Broker Stock Recommendations
Peter Rudd, ARMYTAGE CAPITAL
Babcock & Brown Wind Partners Group (BBW)
The group’s reducing involvement in European wind farms, an emphasis on its Australian assets and a move away from Babcock & Brown in terms of management, ownership and name should combine to re-rate this stock. Management confirming a first half distribution of 4.5c a share provides an attractive yield.
Macquarie Office Trust (MOF)
A share price fall from the recent 20c entitlement issue and a likely interim dividend should provide a good yield. But the stock should still be considered speculative given ongoing global real estate market concerns and possible further valuation write-downs.
New Hope Corporation (NHC)
A major independent Queensland coal producer in the ASX top 100, the group is well cashed up after the sale of its New Saraji coking coal leases to neighbour BHP Billiton/Mitsubishi in September. This allows for ongoing exploration expenses and rig refurbishment costs.
Spark Infrastructure Group (SKI)
Revenue from the group’s South Australian electricity transmission and distribution activities, along with its “poles and wires” in the Melbourne CBD and central and western Victoria, provides a good level of recurring income and a 15 per cent dividend yield.
Flight Centre (FLT)
Half year operating cash flow was unexpectedly disappointing, a result of poor trading conditions late last year. Airline traffic is suffering due to the global financial crisis.
Victorian bushfire and North Queensland flood claims, along with increased provisioning for bad and doubtful debts, had a negative effect on overall financial performance. The group faces big challenges going forward amid downsizing of its banking division.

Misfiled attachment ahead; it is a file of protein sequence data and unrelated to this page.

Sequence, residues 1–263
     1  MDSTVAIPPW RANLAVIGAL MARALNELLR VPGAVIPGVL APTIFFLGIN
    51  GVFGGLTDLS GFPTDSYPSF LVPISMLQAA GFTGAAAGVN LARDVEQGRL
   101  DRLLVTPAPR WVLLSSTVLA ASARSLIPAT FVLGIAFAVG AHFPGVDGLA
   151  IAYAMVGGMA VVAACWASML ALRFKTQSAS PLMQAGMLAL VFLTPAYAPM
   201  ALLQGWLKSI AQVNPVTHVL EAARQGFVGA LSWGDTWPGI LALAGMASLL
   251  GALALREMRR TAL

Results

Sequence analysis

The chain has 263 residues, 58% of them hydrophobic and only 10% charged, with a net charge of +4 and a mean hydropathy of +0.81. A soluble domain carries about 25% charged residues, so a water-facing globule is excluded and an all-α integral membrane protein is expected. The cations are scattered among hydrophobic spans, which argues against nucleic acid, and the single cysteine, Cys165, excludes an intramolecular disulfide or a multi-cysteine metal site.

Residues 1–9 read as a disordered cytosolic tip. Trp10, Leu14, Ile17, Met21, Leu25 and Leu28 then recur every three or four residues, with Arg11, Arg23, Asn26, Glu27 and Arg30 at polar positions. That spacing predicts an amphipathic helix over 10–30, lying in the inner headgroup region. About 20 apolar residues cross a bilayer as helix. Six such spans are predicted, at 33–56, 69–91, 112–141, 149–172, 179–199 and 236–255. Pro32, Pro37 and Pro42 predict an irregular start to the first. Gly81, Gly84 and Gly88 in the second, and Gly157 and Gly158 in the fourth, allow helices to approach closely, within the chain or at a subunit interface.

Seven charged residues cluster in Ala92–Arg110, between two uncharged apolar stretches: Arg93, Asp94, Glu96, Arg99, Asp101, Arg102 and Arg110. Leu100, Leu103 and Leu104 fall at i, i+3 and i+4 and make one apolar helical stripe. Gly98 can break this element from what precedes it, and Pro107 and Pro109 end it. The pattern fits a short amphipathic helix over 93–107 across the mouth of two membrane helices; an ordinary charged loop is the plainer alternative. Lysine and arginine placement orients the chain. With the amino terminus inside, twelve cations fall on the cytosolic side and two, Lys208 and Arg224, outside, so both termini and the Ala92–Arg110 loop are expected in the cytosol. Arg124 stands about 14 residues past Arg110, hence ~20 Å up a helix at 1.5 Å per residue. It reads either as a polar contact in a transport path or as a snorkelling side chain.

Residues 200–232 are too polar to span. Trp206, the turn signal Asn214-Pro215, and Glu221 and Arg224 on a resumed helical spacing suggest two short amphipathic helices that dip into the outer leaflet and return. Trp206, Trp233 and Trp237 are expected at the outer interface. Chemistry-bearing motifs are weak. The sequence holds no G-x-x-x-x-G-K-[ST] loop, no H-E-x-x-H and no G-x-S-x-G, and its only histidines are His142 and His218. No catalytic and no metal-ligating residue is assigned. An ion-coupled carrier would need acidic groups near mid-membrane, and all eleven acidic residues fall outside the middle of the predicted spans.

Carey Smith, ALTO CAPITAL
Corporate Express (CXP)
Australia’s biggest provider of consumable office products reported earnings for the December half in line with expectations, and, more importantly, maintained its dividend at 13c a share. While we expect earnings and cash flows to be impacted by a slowing economy, the group’s strong balance sheet and dominate position in the industry should enable it to increase market share.
Energy and Minerals Australia (EMA)
EMA owns the Mulga Rocks uranium deposit in Western Australia, recognised as the biggest deposit outside control of the majors. Corporate activity in the Australian uranium sector has recently heated up, with more than US$600 million in takeovers and project investments in the past 12 months. We believe that EMA is on the radar screen of international investors and corporations. Expect a major corporate transaction within the next six months.
The over subscribed retail offer that raised an additional $1.5 billion on top of the $2.9 billion from institutional investors has well and truly removed any concerns regarding the group’s debt levels. The capital raising enables management to focus on its retail, coal and chemical businesses. While turning around the Coles business is expected to take several years, the results to December 2008 provided the first glimmer of hope.
Fleetwood Corporation (FWD)